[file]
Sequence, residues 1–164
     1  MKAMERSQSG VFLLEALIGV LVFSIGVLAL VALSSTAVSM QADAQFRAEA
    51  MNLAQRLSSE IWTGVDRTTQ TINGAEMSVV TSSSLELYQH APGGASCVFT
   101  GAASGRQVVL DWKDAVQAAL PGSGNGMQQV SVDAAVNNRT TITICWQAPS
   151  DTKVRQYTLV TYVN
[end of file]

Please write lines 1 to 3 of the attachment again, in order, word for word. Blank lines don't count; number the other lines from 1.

Sequence, residues 1–164
     1  MKAMERSQSG VFLLEALIGV LVFSIGVLAL VALSSTAVSM QADAQFRAEA
    51  MNLAQRLSSE IWTGVDRTTQ TINGAEMSVV TSSSLELYQH APGGASCVFT